This is a gorgeous, and absolutely massive, 15.4" wide polished ammonite fossil. It is Late Cretaceous in age and was collected in the Mahajanga Province of Madagascar. It's of the genus Lytoceras which is one of the more uncommon ammonites from the locality.
The exterior of this ammonite has been highly polished, revealing the "suture" patterns of the shell and areas of gorgeous red/green iridescence. There is an impression of another, smaller ammonite near the "mouth" of the shell.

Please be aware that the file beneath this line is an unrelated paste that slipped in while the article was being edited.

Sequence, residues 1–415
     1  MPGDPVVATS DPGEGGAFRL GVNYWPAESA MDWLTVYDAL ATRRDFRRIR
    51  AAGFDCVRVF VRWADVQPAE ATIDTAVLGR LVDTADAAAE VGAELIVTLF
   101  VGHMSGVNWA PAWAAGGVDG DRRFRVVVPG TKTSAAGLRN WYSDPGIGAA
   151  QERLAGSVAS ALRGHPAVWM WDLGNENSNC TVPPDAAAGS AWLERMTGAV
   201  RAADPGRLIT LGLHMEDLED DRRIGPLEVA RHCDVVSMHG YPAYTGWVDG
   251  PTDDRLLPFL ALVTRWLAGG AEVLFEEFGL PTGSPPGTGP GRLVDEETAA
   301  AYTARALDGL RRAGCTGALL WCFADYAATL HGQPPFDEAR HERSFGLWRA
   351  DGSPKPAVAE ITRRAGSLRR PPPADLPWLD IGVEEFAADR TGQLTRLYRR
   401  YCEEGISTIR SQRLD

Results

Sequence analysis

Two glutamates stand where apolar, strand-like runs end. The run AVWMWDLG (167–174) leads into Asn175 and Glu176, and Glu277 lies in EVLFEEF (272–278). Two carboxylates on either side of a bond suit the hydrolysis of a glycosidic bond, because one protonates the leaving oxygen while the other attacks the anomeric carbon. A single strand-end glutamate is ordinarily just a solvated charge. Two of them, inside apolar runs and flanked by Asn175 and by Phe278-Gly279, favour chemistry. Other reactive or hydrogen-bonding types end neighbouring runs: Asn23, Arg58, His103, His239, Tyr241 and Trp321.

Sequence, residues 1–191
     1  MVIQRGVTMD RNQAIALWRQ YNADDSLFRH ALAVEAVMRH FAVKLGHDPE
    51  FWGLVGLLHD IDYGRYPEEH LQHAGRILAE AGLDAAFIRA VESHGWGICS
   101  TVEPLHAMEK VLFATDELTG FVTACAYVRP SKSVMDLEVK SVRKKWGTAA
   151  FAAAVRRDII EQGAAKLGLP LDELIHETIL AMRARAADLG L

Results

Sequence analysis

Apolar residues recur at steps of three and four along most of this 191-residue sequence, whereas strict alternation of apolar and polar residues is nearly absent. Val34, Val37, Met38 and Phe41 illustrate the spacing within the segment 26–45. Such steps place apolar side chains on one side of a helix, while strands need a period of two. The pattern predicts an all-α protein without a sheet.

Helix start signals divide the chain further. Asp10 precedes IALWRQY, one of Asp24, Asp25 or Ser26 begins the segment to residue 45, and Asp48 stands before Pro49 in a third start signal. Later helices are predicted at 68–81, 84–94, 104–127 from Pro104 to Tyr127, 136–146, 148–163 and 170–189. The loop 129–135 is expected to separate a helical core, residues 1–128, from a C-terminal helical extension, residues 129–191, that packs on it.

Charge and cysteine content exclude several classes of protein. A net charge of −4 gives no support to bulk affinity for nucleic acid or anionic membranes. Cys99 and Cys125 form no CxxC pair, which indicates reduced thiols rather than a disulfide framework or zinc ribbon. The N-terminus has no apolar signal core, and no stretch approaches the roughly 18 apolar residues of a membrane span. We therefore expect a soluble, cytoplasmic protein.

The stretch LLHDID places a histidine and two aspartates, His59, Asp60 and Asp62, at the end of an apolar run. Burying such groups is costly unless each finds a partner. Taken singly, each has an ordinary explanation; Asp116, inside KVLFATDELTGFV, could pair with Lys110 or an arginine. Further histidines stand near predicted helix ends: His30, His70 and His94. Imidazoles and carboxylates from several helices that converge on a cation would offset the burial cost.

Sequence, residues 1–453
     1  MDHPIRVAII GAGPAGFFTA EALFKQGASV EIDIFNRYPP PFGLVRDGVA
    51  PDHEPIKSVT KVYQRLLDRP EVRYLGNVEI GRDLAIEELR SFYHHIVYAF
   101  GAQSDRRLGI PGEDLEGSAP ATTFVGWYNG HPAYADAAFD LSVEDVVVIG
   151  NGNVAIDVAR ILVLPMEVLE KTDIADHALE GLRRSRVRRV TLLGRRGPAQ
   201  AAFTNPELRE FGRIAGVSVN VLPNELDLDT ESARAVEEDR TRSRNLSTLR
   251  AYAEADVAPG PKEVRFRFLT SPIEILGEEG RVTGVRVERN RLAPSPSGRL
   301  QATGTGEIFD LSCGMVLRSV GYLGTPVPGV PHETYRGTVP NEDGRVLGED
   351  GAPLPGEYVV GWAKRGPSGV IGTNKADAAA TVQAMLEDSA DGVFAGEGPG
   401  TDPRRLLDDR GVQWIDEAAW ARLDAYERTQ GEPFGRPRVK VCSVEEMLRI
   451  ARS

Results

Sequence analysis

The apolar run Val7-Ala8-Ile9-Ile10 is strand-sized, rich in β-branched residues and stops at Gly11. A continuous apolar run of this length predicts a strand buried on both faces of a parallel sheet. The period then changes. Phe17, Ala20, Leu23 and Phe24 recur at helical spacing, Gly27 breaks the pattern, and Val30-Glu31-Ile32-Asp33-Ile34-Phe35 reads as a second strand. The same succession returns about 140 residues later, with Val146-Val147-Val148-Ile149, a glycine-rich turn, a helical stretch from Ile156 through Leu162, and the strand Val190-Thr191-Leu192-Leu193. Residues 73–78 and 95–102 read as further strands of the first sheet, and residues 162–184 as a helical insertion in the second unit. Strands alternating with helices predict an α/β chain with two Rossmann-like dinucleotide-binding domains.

It makes an amazing display on the included metal display stand. And did we mention it's huge!?!
Ammonites were predatory mollusks that resembled a squid with a shell. These cephalopods had eyes, tentacles, and spiral shells. They are more closely related to a living octopus, though the shells resemble that of a nautilus. Ammonites appeared in the fossil record about 240 million years ago and they barely survived several major extinction events. The last lineages disappeared 65 million years ago at the end of the Cretaceous.